Melaniña’s latest single “Act 2” was written and conceived as a sequel to “Act 1” off the band’s self-titled album, and as a result the incredibly cinematic instrumental track features some impressive guitar pyrotechnics, with guitars played through effects pedals paired with a propulsive rhythm section — with an expansive yet dreamy vibe familiar to classic shoegaze that also nods at Finelines-era My Vitriol and Collapse Under the Empire.
Directed by Tim Busko, the recently video continues the band’s ongoing collaboration with the Pennsylvania-based director and filmmaker, and much like its predecessor, the black and white video is comprised of shaky, handheld images of household items — radios, teacups, breakfast food, household plants, model planes, kids playing and natural phenomenon with a creepy yet hallucinogenic feel.

Lyric Video: Portland’s Hemmit Captures Youthful Passion in “Friends”

Keith Fleming is a Portland, OR-based multi-instrumentalist, producer and singer/songwriter, who as a drummer, has had stints touring and recording with The Jonny Cohen Love Machine, John Stabb’s Weatherhead and and others, and for being one-half of highly acclaimed indie rock duo Hemmit, with his longtime collaborator, producer, engineer, songwriter and highly sought-after guitarist Adam Rohosy. Interestingly, Hemmit has had their music featured on MTV, Surfline, Bike TV and have received radio airplay from a number of radio stations across the world; in fact, their fifth album Straight Outta Nowhere saw heavy college radio airplay and attention from critics and fans. 

With the six-song EP One Ultra, the long-awaited follow up to their buzz worthy fifth, full-length album, Hemmit has become a solo recording project featuring Keith Fleming, and the EP reportedly consists of indie rock and guitar pop that blends elements of lo-fi garage rock, power pop and 80s synth rock, largely influenced by Ty Segall, Best Coast, Guided by Voices and Sloan; however, the EP’s first single “Friends” sounds as though Fleming was drawing from 90s alt rock — in particular My Vitriol, Blur, Foo Fighters and others, as the song is centered around enormous power chords, a guitar pyrotechnic-fueled solo, thunderous drumming and a rousingly anthemic, arena rock friendly hook. And while swaggering and self-assured, the song is a breakneck, swooning, “you-were-there”-like recollection of youth and youthful passions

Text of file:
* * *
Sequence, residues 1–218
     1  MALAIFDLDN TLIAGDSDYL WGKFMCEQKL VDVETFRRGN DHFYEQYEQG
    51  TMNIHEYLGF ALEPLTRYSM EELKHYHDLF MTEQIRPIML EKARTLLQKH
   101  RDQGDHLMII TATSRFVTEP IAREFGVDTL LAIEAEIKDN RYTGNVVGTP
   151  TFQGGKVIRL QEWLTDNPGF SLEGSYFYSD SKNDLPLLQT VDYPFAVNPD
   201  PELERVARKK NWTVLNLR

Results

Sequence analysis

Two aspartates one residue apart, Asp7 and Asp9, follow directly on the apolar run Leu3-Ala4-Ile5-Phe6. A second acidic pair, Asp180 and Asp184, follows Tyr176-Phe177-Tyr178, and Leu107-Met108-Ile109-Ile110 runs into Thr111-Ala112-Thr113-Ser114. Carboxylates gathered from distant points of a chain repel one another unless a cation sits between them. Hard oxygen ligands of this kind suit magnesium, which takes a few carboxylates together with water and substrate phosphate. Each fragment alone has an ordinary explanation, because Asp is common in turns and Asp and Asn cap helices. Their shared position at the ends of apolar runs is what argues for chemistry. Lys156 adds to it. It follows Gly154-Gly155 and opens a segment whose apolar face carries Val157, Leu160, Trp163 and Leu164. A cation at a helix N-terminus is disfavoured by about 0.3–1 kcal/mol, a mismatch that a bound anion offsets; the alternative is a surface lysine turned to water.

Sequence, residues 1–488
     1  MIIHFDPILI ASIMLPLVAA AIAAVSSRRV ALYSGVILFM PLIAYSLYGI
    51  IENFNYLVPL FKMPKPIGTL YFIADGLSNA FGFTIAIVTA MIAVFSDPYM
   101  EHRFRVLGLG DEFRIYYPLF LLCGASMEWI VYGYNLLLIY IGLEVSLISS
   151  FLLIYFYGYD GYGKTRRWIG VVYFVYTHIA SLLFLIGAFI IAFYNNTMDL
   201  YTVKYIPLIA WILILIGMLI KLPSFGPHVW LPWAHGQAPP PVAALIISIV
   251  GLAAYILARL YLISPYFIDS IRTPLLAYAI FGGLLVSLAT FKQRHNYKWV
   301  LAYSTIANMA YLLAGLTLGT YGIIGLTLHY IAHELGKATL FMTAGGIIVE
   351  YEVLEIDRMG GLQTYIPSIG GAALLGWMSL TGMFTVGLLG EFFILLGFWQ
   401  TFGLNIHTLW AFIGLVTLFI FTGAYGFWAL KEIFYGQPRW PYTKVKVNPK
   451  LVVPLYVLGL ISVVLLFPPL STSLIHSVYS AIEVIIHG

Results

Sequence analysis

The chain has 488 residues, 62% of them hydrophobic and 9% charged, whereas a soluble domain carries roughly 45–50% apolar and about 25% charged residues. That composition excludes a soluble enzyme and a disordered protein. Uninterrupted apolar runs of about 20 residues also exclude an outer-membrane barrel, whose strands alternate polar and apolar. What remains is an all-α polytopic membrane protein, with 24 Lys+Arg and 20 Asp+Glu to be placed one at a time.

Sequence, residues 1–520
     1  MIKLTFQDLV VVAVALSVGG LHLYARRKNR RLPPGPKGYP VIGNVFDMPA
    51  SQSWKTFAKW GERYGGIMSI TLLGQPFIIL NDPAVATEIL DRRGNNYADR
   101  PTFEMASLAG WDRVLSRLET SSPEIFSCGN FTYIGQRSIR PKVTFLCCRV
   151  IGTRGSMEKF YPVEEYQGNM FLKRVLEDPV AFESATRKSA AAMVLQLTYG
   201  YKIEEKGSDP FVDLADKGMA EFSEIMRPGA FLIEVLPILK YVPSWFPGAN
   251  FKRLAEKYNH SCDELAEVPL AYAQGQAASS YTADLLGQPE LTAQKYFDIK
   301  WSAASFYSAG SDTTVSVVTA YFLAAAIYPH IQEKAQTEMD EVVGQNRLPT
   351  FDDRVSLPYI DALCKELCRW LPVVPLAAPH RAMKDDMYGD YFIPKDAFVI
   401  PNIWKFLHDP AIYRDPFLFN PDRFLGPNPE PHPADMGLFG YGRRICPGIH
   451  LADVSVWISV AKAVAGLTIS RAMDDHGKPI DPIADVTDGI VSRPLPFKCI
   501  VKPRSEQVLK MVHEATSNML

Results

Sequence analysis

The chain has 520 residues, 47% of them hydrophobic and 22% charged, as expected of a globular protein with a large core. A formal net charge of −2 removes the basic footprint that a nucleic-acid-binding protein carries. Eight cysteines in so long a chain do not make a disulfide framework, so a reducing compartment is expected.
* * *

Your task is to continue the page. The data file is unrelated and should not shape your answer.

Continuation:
The recently released lyric video for “Friends” is essentially a time capsule, featuring found footage of young people over the course of the past 30 years or so, being young and seemingly carefree. 

Now, if you’ve been frequenting this site over the past couple of weeks, you may recall that with the release of their debut single “Ambulance,” the Brooklyn-based indie rock quartet Russian Baths, comprised of Luke Koz, Jess Ress, Evan Gill Smith and Jeff Widner, received attention for a sound that the band has described as nodding at Big Black, 70s space rock, Big Muff and British post punk among others; however, “Slenderman,” off their soon-to-be released EP Penance nodded at brooding, 90s alt rock/120 Minutes-era MTV as the song featured the familiar alternating quiet, loud, quiet song structure — in which you would have had heard shimmering guitar chords, throbbing bass chords and propulsive drumming paired with a rousingly anthemic hook. “What’s In Your Basement” the EP’s next single was an abrasive, mosh-pit worthy song that nodded at Bleach and In Utero-era Nirvana and Finelines-era My Vitriol.

“Poolhouse,” Penance‘s latest single is an expansive, shoegazer-like song that manages to bring Sonic Youth to mind, as the band employs the use of jangling dissonance to create a an eerily gorgeous song that feels immense and downright oceanic.